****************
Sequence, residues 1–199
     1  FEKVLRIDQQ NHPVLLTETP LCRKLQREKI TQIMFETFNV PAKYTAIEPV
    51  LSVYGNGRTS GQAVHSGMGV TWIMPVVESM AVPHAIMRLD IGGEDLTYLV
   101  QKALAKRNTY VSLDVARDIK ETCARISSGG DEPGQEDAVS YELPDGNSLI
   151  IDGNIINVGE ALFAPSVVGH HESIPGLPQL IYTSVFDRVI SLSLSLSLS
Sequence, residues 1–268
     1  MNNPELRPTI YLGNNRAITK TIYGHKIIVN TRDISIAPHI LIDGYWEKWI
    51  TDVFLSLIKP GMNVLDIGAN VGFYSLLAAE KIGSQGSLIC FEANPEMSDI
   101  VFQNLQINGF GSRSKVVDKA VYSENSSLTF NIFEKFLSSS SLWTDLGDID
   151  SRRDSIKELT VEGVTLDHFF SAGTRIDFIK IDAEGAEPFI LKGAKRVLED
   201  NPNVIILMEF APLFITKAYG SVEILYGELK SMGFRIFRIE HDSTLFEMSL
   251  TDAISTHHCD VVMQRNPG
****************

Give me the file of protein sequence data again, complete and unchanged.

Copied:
Sequence, residues 1–199
     1  FEKVLRIDQQ NHPVLLTETP LCRKLQREKI TQIMFETFNV PAKYTAIEPV
    51  LSVYGNGRTS GQAVHSGMGV TWIMPVVESM AVPHAIMRLD IGGEDLTYLV
   101  QKALAKRNTY VSLDVARDIK ETCARISSGG DEPGQEDAVS YELPDGNSLI
   151  IDGNIINVGE ALFAPSVVGH HESIPGLPQL IYTSVFDRVI SLSLSLSLS
Sequence, residues 1–268
     1  MNNPELRPTI YLGNNRAITK TIYGHKIIVN TRDISIAPHI LIDGYWEKWI
    51  TDVFLSLIKP GMNVLDIGAN VGFYSLLAAE KIGSQGSLIC FEANPEMSDI
   101  VFQNLQINGF GSRSKVVDKA VYSENSSLTF NIFEKFLSSS SLWTDLGDID
   151  SRRDSIKELT VEGVTLDHFF SAGTRIDFIK IDAEGAEPFI LKGAKRVLED
   201  NPNVIILMEF APLFITKAYG SVEILYGELK SMGFRIFRIE HDSTLFEMSL
   251  TDAISTHHCD VVMQRNPG